How Is FICO Different From VantageScore?

If you make use of any credit monitoring tools, you may have noticed that FICO isn’t the only scoring model in the game anymore. Worse, you may even have experienced a shock if your credit score appeared to change after your monitoring tool switched models.

Yes, it’s true. FICO has a competitor in the (relatively) new scoring model from VantageScore. Because VantageScore usually sells its credit reports to businesses more cheaply than FICO does, chances are your credit monitoring tool has already switched to it, or will soon.

But what is VantageScore, how is it different from a FICO score, and what impact does it have on your credit options?

The History of FICO and VantageScore

While many Americans use “FICO” to mean “credit rating” the way we use “Kleenex” to mean facial tissue, that’s a mistake for the same reason. FICO is simply the brand name for the credit scoring model first developed by the Fair Isaac Corporation (FICO) in 1958.

FICO was a niche business for nearly 30 years, but after releasing its first scoring model intended for general use in 1989, it quickly established a near-monopoly over modeling personal credit scores. Indeed, to this day, it remains the only scoring model approved by the Federal government for evaluating mortgage applicants.

FICO charges each of the three major credit bureaus to make use of its scoring algorithms, and in response, Experian, TransUnion and Equifax struck a deal in the mid-2000s to collaborate on the development of their own, cheaper scoring model. The result: The first official release of the new VantageScore credit scoring model in 2006.

Both primary scoring models undergo changes every few years, and as of 2016, we’re on version 3.0 of VantageScore, and version 8 (soon to be 9) of FICO.

It’s estimated that FICO remains the credit scoring model of choice for more than 90 percent of all credit approvals, including loans, credit cards and mortgages. But VantageScore’s market share increases a bit every year, and in the meantime, it’s made major inroads with businesses that want to pull your credit score without actually making a credit decision, like credit monitoring services.

So, for the first time in the modern history of U.S. credit scoring, you’re very likely to deal with two entirely separate credit scoring systems when viewing your own credit score versus applying for credit or a loan.

Understanding the Differences Between FICO and VantageScore

As of 2013, VantageScore uses the same 300 to 850 scoring range that FICO uses, but the way your score is calculated between the two models has a few key differences.

Establishing Credit History

While FICO requires you to have qualifying credit activity in the last six months to calculate your credit score, VantageScore considers the past 24 months. This means if you’re a new entrant to the credit market and don’t have an established credit history, VantageScore is more likely to provide you with a credit score than FICO.

Factors Influencing Your Credit Score

While neither company releases detailed information about how it calculates its primary scoring models, FICO has long made rough guidelines publicly available.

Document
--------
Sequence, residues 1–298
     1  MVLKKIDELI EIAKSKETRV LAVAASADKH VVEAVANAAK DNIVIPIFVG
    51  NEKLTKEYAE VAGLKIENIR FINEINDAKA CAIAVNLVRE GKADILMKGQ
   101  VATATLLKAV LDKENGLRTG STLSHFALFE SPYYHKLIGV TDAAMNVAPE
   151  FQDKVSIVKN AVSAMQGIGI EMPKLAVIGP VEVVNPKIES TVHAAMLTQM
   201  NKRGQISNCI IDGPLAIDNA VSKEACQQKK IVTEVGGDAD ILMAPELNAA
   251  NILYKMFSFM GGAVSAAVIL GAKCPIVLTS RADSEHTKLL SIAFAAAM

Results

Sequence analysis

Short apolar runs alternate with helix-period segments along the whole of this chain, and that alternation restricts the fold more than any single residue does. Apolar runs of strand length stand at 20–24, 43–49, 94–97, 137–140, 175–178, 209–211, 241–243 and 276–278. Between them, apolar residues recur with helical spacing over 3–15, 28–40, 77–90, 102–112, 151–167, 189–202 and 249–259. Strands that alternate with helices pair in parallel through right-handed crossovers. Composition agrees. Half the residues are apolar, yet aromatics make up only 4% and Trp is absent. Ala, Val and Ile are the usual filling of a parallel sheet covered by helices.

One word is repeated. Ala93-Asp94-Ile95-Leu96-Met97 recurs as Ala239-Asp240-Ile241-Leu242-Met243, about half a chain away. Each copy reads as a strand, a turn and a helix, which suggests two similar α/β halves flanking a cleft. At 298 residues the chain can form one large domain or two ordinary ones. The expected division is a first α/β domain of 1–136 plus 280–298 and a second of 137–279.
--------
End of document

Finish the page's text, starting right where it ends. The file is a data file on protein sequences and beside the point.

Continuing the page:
Your FICO score is broken down according to these approximate guidelines:

  • 35 percent is determined by your history of on-time or late payments.
  • 30 percent is determined by the total amount of debt you owe.
  • 15 percent is determined by the length of your credit history, that is, the age of your oldest on-record account.
  • 10 percent is determined by the number of recent credit lines or loans you’ve established.
  • 10 percent is determined by the type of credit you use, for example, credit cards, mortgages and so on.

VantageScore has yet to provide the public with a similar percentage breakdown, but it has issued general guidelines on what impact different types of information have on your credit score:

  • Highest impact: Your history of on-time or late payments.
  • High impact: The length of your credit history (oldest account age), the type of credit (cards, mortgages and so on) and the percentage of your credit that’s used (your credit utilization).
  • Moderate impact: The total amount of your current debt.
  • Least impact: Your total available credit and recent credit inquiries or activity.

Frequently Asked Questions About FICO and VantageScore

Can you choose which score is used for a credit decision?

No. Any business you authorize to check your credit score or pull your full report decides on its own which agency and scoring model to use.

How can you view your FICO and VantageScore credit scores?

An increasing number of credit monitoring services now use VantageScore, but there’s usually no way to specifically order one type of score over another. You need to contact or review the business you plan to work with to find out if it offers both scores or only one of the two.

How do you know which score is being used at any given time?

Most businesses should make it clear on your paperwork (credit report, application decision and so on) which scoring model is used, but if you’re ever in doubt, don’t hesitate to contact the business directly for clarification.


What Is a VantageScore?

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